Along with 90% of the Canadian population, we became obsessed with camping this summer.
With no other holiday options on the horizon — and an urgent need to get away from the endless construction noise in our immediate neighbourhood — camping became the Holy Grail for summer 2020.
There were a few obstacles. Owning no camping equipment was a big one. While we used to go camping a lot before the kids, and when they were little, over the years our old gear was either lost or simply rotted away from old age. Also, the camping sections of local stores looked much like the toilet paper shelves during the earlier months of the pandemic.
Besides, I was ready (in my old age) for some glamping. After my years of tent camping during tree planting seasons, I felt ready for something a little more comfy and cozy.
After much research the answer was clear — what we needed was a teardrop trailer!
Unfortunately for us, many Canadians came to exactly that conclusion at around the same time — acquiring a teardrop trailer for the 2020 camping season was to be like winning the Willy Wonka golden ticket to outdoor adventure.
But, against all odds, we did win! We were very taken with the Evolve teardrop trailer, made locally by a family business in Aldergrove, BC, but they were then (in July) making trailers for delivery in early 2021. As we were driving home from a visit to the small Evolve factory/shop I just happened to be looking at Craigslist on my phone when, what should to my wondering eyes should appear, but an Evolve trailer … for sale … locally!!!
By the time we got home that day, mind bogglingly, we owned a teardrop trailer.
Not only did we own the trailer, but it came with just about every camping accessory we would need. All we needed was a cooler and some time to get away in it .
That time was a little hard to come by at first, because job one was to create a space in which to keep our new treasure.
My studio was the only possible place — so that led to some accelerated decision making about my work and my business. Obviously this year there will be no markets or craft shows. But, even before COVID, I’d been thinking about cutting out those aspects of my work schedule and concentrating more on my online business, studio sales, and more writing, so the new addition just forced my hand.
A rather frantic flurry of activity ensued.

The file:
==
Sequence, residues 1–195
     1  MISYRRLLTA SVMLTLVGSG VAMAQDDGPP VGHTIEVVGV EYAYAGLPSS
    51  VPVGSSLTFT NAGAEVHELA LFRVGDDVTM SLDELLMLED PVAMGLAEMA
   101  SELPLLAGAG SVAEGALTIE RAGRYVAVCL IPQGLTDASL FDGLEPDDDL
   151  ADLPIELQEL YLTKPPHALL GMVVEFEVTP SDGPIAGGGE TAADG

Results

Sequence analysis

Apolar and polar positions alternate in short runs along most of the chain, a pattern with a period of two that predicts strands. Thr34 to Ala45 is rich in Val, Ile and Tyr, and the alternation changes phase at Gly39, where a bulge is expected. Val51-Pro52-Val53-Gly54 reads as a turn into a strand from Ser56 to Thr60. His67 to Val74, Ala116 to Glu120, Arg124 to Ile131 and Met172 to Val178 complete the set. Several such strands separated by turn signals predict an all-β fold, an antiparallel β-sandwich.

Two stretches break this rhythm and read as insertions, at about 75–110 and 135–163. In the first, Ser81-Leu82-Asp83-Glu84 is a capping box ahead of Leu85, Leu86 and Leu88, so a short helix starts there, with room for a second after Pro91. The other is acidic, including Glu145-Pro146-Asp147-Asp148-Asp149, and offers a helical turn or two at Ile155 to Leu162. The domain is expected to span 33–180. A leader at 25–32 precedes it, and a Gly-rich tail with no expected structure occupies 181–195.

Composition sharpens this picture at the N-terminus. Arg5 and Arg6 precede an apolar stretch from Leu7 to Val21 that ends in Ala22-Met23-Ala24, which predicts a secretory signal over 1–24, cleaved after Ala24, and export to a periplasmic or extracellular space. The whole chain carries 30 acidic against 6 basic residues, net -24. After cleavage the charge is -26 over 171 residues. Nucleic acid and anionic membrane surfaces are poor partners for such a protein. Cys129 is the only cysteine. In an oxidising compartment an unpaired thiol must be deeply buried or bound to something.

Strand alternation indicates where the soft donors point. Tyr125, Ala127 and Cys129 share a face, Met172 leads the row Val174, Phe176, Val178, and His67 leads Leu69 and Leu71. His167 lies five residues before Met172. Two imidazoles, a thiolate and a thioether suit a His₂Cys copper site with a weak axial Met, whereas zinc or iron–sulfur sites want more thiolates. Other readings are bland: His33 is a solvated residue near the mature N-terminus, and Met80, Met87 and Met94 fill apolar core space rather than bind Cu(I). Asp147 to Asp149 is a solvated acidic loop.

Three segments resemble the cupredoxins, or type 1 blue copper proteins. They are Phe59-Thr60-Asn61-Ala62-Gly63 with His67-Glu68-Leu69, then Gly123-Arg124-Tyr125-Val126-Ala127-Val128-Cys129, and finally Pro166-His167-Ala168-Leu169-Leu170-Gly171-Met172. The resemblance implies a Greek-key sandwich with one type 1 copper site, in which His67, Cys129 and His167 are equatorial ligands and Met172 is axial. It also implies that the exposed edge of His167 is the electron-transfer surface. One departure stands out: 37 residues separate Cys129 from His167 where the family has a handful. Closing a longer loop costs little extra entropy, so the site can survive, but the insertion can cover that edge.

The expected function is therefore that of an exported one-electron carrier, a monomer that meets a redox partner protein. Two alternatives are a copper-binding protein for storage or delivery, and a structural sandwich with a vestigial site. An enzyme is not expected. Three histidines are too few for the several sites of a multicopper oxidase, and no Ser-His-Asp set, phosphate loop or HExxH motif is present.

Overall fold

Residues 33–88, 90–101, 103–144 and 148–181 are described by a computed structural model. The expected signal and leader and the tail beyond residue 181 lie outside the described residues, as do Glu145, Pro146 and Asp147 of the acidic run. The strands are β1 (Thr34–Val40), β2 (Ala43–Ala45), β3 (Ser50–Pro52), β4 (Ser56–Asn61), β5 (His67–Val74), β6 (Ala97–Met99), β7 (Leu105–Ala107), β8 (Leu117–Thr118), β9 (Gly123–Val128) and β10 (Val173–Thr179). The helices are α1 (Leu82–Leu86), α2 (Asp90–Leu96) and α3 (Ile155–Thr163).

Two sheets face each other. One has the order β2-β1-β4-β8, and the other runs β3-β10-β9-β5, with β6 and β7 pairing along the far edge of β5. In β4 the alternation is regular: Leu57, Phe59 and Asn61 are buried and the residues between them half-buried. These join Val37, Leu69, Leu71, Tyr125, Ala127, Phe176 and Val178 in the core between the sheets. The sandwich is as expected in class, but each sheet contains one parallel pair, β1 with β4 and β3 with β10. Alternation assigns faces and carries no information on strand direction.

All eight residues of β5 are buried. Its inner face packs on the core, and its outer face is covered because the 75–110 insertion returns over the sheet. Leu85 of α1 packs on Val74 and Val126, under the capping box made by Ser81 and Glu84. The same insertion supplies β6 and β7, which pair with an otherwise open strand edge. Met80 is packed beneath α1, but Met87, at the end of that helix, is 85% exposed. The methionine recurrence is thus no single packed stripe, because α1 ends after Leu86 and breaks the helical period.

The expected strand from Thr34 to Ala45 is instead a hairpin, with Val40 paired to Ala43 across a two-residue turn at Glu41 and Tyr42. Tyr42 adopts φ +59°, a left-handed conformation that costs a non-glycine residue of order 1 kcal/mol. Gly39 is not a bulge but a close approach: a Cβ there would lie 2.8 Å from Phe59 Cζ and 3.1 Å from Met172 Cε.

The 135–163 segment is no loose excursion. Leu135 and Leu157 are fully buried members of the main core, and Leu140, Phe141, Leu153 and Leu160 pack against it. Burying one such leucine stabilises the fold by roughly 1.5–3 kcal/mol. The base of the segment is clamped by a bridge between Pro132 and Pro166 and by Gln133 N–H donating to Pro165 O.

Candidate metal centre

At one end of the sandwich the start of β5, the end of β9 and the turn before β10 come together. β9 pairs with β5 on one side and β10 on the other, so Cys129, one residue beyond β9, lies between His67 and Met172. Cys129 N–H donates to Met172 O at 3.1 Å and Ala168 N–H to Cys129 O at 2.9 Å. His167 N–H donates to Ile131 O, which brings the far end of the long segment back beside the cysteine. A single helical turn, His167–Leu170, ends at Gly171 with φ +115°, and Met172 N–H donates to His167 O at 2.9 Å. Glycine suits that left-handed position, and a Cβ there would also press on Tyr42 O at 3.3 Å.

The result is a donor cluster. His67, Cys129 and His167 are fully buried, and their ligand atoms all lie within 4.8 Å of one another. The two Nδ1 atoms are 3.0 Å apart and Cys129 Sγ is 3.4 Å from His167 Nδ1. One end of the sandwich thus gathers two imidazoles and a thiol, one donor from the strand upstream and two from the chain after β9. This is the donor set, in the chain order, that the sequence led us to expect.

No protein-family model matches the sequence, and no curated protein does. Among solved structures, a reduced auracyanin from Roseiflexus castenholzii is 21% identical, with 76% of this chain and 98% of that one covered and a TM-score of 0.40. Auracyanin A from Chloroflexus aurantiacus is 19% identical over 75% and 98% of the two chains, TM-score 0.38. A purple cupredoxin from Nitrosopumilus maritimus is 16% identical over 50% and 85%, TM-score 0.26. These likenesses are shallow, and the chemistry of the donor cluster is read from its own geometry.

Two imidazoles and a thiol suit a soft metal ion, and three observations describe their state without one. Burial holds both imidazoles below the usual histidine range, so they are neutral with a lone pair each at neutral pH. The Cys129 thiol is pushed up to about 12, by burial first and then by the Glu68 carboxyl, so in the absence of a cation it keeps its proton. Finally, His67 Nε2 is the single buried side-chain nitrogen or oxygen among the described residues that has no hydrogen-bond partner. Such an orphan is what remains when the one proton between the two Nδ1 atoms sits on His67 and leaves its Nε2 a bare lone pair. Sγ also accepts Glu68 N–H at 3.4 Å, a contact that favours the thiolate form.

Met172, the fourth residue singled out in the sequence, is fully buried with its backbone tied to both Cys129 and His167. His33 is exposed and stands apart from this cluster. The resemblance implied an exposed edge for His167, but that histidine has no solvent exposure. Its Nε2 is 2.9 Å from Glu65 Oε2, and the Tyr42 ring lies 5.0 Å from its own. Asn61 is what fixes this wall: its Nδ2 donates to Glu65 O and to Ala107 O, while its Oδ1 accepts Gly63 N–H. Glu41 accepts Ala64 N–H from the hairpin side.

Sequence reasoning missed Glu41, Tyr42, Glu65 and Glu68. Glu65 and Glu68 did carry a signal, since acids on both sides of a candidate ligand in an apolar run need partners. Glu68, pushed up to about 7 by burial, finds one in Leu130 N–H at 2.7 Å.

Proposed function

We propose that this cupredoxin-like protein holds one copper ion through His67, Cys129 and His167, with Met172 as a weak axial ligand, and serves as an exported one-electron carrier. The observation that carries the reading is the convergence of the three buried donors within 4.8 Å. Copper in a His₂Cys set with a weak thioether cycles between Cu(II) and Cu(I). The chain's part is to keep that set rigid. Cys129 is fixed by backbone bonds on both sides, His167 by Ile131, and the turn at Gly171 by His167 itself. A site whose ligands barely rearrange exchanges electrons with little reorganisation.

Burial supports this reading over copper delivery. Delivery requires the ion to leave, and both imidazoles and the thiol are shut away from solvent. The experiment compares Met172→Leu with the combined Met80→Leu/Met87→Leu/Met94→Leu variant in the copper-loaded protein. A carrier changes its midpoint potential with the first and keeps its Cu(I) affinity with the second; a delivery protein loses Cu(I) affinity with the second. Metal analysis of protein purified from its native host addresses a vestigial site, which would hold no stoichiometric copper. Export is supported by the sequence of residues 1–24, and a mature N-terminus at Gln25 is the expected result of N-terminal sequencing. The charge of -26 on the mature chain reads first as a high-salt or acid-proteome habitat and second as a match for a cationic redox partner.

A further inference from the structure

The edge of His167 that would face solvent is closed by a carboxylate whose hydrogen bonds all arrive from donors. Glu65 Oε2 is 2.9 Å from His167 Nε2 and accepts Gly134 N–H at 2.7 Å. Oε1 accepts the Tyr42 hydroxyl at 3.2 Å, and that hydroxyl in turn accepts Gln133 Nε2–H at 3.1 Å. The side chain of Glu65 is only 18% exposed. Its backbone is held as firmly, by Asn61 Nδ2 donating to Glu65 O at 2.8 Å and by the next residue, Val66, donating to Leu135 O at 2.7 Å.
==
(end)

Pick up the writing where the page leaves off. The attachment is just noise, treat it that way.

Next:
All of my market display stuff was given away in a week and miraculously …
By then, my online business was really busy with City Crow calendar and other orders, so I had to concentrate on getting that done, while Phillip finished painting the east side of the house so he could return the scaffolding rented for that purpose. Camping had to be deferred for a while.
In the meantime, sometimes when the construction noise was very loud and I was feeling especially stressed, I’d go for a little “micro-vacation” in the trailer, inside the studio, with my noise cancelling headphones on. It was surprisingly cool and quiet in there, and no-one could find me …
Finally, by the second week of September, we were ready to take off for a “shakedown cruise.”
Phillip’s late parents owned a small sailboat, and the first trip of every season was labelled the “shakedown cruise” — on which you fully expect things to go wrong. In this way, you’re not stressed or disappointed when you realize you forgot to pack several vital items and that things are less than perfect.
With that in mind, we set out for a two night stay at Rolley Lake, just an hour’s drive from home. It was pretty fabulous for a shakedown cruise, with record breaking hot weather and a nice little spot in the shady woods.
A few days later, armed with a list of a few things we forgot on our first trip, we set out for our “big” trip up to the Cariboo.
More on our northern adventures in my next post … (which might be a few days as we’re heading out for another little trip tomorrow, while the weather lasts.)